As someone who would no longer consider myself a tourist in a place like London – the one thing that always bothers me is when people that are tourists either walk at the speed of a cricket or stop and check their phones in the middle of the pavement. It makes them stand out even more. My best advice when travelling is to do as the locals do. In turn, you’ll become a more confident traveler as a result. Walk with purpose and familiarize yourself with the area around where you’re staying. Then, if you do need your GPS, have it playing through an earbud whilst you’re walking.
3. Research the Culture
Certain areas have very specific aspects to their culture that you as a traveler may not be used to. It may even surprise you. The common term you’ll hear this often referred to as is ‘culture shock’. Culture shock can be mild or intense, depending on where you find yourself travelling to.
Being a confident traveler doesn’t mean that you’ll never experience culture shock. What it does mean, is that you have the tools to remain confident – even in a culture very different from your own. It’s actually easier than you think. Typically, it just requires a bit of research before you jump on the plane.
4. Maintain Awareness of Your Surroundings
When you’re travelling by yourself, it comes without speaking, that you need to be more aware than typically of your surroundings. That’s not to say that when you’re travelling by yourself that bad things will happen – not at all. What it does mean, is that you should take a few extra precautions than you would if you were with a larger group.
- Have your hotel/Airbnb/VRBO/local contact information saved to your phone (inclusive of address), so you have it when you need it, and that someone that you trust also has this information, too.
- Take care when walking at night, and try to avoid wearing both headphones when walking by yourself.
- Make it look like you know where you’re going – walk confidently (even if you’re lost), don’t make it obvious that you’re staring at a map (even if you are), have an idea of where you’re going before you leave a specific place. It makes you seem less like a tourist, and less of a target for pick-pocketers, etc.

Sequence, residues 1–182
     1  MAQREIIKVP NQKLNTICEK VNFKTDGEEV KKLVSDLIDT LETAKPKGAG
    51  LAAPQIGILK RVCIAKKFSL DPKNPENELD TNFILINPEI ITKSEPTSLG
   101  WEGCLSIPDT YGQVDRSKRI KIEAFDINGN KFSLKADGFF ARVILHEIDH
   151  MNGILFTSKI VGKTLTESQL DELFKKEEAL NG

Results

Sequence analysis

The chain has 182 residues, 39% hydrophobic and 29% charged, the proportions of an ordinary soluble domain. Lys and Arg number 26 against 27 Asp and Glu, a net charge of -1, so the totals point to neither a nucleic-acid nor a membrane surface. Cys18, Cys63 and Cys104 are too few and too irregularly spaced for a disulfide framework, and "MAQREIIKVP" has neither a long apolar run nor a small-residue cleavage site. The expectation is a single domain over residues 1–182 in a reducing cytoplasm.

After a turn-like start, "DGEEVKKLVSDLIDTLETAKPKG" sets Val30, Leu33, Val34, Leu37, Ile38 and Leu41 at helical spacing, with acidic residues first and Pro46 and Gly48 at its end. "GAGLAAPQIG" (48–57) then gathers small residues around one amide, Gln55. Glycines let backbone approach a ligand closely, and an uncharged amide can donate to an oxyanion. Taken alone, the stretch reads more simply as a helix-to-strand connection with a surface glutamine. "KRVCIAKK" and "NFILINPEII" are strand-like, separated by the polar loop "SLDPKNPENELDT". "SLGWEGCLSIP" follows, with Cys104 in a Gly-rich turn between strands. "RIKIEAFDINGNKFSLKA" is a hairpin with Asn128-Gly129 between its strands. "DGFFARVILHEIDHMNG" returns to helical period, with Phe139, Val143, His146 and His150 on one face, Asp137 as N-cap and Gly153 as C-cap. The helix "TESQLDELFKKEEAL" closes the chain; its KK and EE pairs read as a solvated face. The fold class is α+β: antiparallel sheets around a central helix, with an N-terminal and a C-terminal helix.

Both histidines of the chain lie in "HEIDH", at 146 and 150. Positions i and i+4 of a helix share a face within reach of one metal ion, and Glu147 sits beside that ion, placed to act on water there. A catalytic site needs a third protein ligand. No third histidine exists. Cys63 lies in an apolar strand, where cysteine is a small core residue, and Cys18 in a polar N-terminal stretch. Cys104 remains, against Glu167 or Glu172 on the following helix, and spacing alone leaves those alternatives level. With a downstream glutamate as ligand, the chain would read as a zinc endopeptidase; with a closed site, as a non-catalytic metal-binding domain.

- Don’t give out information freely (especially hotel, age, phone number, the fact that you’re alone).
- Always share a ride-share route with someone you trust.
- Download WhatsApp, Telegram or install WiFi-Calling on your phone if you need to make a call and don’t have service.
- Know what emergency numbers are local to the area in case you need help.
5. Have an Emergency Contact
This one goes in tandem with the previous point – but always have an emergency contact set. Set up one with your airline profiles, in your phone (under I.C.E – in case of emergency), set up one with your hotel if you can. Basically, anywhere you can provide one, do it. Better to have your bases covered and never need to use the number.
6. Don’t Take Yourself Too Seriously
I can’t stress this one enough! Travelling alone, especially for the first time, can be a bit nerve-wracking. But the key is to not stress too much about being the perfect traveler or getting everything right the first time. You won’t – that I can guarantee. Sometimes, it’s just out of your control.
Travelling alone can be such an incredible experience, but it’s also one that you need to be prepared for. As long as you have all of your safety measures covered, don’t forget to not take yourself too seriously and to have fun.
Have you ever travelled by yourself? Do you have any tips that I missed? Let me know in the comments! xxx